Sunday, February 10, 2013

New York Mets: The Bullpen 2013

From the desk of:   HEAD-BUTTING MR. MET


Spring Training - Pitchers And Catchers - 2013
 
Part II - THE BULLPEN


NEW YORK METS - Please Pardon The Appearance.  Bullpen Still Under Reconstruction.


The Mets aren't looking for government handouts to help pay off their debts.  But their bullpen desperately needs relief assistance in the worst way.  Truth is, there are no readily available answers for their dilemma.  While the Mets aren't the only team to suffer this calamity, it just goes to show the value of a good, reliable closer.  This also goes to show how great the Mariano Rivera's in life really are.  Sorry for the cross town reference. 


Sandy Alderson tried renovating the bullpen last season..., remember?  Frank Francisco remains his largest free agent signing to date.  And I do mean large.  The Mets were not happy Frank-Frank showed up in camp last season out of shape.  His two injuries and subsequent surgery only exasperated an already terrible season.  He made forty eight appearances and only recorded twenty three saves.  That's a low save-to-game rate by any measure.  His 5.53 ERA was equally disheartening.  But he's back!  And he says He Is The Closer!  His manager Terry Collins (who's contract status beyond this season is still unresolved), agrees with Frankie.  However, Sandy Alderson, in so many words, expressed a lack of confidence in his 2012 acquisition.


Based primarily because Sandy Alderson signed Francisco to a two year $12 million dollar deal, he gets to survive the purge.  Relieved of their duties over the course of 2012 are - D.J. Carrasco, Miguel Batista, Ramon Ramirez, Jon Rauch, and Manny Acosta.  Tim Byrdak was originally set free by the Mets, but was re-signed to a free agent contract in December.


So if you're Sandy Alderson, how do you rebuild another bullpen?  Well, you put on your mining hat, and start prospecting the baseball landscape for pitchers....again.  The Mets took not one, but two looks at ex-Giants closer, Brian Wilson.  Several teams seemed interested in at least monitoring a private work-out held by Wilson.  But so far he has failed to impress anyone, especially for the guaranteed money he is reportedly seeking.  There were also rumors swirling the Mets could be considering failed ex-Detroit closer, Jose Valverde.  Those two examples are another way of saying - Yes Mets fans, the bullpen will be a source of agitation..., again.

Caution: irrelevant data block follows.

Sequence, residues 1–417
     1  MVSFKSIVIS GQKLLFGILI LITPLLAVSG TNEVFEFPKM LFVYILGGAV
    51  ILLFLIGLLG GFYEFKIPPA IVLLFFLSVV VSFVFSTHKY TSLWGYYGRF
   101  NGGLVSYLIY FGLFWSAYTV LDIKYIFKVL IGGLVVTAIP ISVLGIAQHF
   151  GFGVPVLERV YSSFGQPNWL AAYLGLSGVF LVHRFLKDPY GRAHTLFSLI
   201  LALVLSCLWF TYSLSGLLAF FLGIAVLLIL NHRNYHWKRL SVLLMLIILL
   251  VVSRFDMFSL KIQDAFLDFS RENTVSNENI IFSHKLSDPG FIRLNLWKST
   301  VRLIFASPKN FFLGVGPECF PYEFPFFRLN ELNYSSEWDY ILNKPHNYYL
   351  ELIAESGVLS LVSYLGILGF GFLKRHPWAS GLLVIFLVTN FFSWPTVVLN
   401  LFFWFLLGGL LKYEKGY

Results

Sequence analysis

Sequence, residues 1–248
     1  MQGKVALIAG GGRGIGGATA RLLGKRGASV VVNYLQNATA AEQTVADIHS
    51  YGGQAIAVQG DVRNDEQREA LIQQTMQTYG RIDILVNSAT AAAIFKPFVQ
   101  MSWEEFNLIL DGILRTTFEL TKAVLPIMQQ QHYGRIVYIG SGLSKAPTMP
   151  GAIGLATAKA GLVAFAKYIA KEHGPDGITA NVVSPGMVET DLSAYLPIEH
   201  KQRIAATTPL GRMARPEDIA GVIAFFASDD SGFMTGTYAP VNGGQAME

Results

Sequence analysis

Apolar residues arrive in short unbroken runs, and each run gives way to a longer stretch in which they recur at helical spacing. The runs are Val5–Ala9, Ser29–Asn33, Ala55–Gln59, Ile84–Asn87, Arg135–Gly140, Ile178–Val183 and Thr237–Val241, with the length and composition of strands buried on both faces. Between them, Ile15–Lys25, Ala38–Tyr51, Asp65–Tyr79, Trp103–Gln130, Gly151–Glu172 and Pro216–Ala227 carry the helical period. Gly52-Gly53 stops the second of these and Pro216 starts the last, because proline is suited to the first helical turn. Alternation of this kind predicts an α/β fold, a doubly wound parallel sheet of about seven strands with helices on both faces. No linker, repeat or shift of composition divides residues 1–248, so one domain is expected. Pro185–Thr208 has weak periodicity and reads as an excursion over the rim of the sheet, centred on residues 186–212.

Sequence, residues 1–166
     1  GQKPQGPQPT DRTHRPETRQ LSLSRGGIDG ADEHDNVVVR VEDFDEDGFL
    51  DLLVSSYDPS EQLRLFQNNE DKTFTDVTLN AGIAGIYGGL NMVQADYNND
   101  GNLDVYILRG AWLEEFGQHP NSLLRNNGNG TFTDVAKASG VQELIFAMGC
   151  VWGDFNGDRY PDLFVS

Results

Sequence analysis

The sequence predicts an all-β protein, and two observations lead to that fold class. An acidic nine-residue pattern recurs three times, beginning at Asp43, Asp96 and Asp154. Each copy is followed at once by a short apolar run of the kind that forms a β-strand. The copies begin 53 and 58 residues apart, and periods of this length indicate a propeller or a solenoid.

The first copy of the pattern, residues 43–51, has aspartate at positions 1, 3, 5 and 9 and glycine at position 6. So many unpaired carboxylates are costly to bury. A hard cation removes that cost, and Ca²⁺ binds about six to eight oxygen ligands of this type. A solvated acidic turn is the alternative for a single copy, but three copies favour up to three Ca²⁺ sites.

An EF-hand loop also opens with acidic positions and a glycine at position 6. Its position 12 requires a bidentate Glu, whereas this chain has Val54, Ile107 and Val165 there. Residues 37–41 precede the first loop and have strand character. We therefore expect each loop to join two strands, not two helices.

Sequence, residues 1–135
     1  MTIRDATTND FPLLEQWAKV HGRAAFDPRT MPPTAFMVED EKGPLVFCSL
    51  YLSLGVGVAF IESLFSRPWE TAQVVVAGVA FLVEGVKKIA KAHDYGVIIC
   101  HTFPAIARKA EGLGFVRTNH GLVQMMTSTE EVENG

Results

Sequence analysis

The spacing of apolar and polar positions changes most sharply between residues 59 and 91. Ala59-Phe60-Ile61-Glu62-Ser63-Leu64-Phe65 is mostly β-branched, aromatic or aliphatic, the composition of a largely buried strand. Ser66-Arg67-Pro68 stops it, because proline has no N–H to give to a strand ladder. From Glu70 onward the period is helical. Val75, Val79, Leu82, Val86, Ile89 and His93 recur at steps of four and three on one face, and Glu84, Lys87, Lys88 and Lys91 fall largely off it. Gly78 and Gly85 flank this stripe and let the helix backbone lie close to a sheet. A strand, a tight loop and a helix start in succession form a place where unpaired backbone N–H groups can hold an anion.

LAST YEAR'S RETURNING PITCHERS:  Frank Rodriguez - Bobby Parnell - Robert Carson - Elvin Ramirez - Josh Edgin - Jeremy Hefner - and I'll include Jeurys Familia and Jenrry Mejia.  All eight are on the active roster.


TRANSACTIONS:  Signed back in November to a free agent contract, Greg Burke is now on the 40-man active roster.  Additionally, Brandon Lyon signed a free agent contract with the Mets earlier this month.  He is on the 40-man active roster as well.


In addition to Burke and Lyon, Sandy Alderson signed six other pitchers over the winter to free agent contracts.  Scott Atchison, Pedro Feliciano, LaTroy Hawkins, and Carlos Torres are all non-roster invitees this winter/spring.  Aaron Laffey, and Tim Byrdak as noted, were also signed to free agent contracts back in December.  In one other free agent transaction, Alderson signed Dario Alvarez who will likely be assigned to low A-ball.


Who is the Closer?


If you're asking Frankie and Terry Collins, we already know the answer.  But Sandy has made his opinion well known.  The GM's acquisition of Brandon Lyon speaks very loudly.  Both pitchers throw from the right side.  So there can only be one - not a tandem.  This looks like a situation where the Mets will just pitch the hot hand, and be satisfied with depth.  Bobby Parnell is still good for the occasional spot save.


Frank Francisco is reportedly healthy now.  Ideally that should enhance his performance over last season.  If he can regain the form he displayed in Texas, the Mets would benefit handsomely.  His ability to strike out batters is still in tact.  He demonstrated that last season.  But he has to get his walks under control.  Last season, his hits allowed per nine innings also sky rocketed.  That needs to change as well if he is to claim and hold the closers role.


Perhaps Brandon Lyon is the more adaptable of the two.  He served as both closer and set-up man on his previous teams.  Make no mistake however.  He was signed to pose a direct challenge to Frank Francisco and the closers role.  Serving in set-up roles in both Houston and Toronto in 2012, he appeared in 67 games and pitched 61 innings.  He posted a combined 4-2 record, one save, with a 3.10 ERA.  Brandon allowed 57 hits, walked 20, good for a 1.246 WHiP, and struck out 63 batters.  He averaged 8.3 hits per nine innings, 3.0 walks, and 9.3 strikeouts per nine innings.  He saved 14 games in 2005, and notched 26 saves in 2008, both for Arizona.  In 2010, he posted 20 saves for Houston.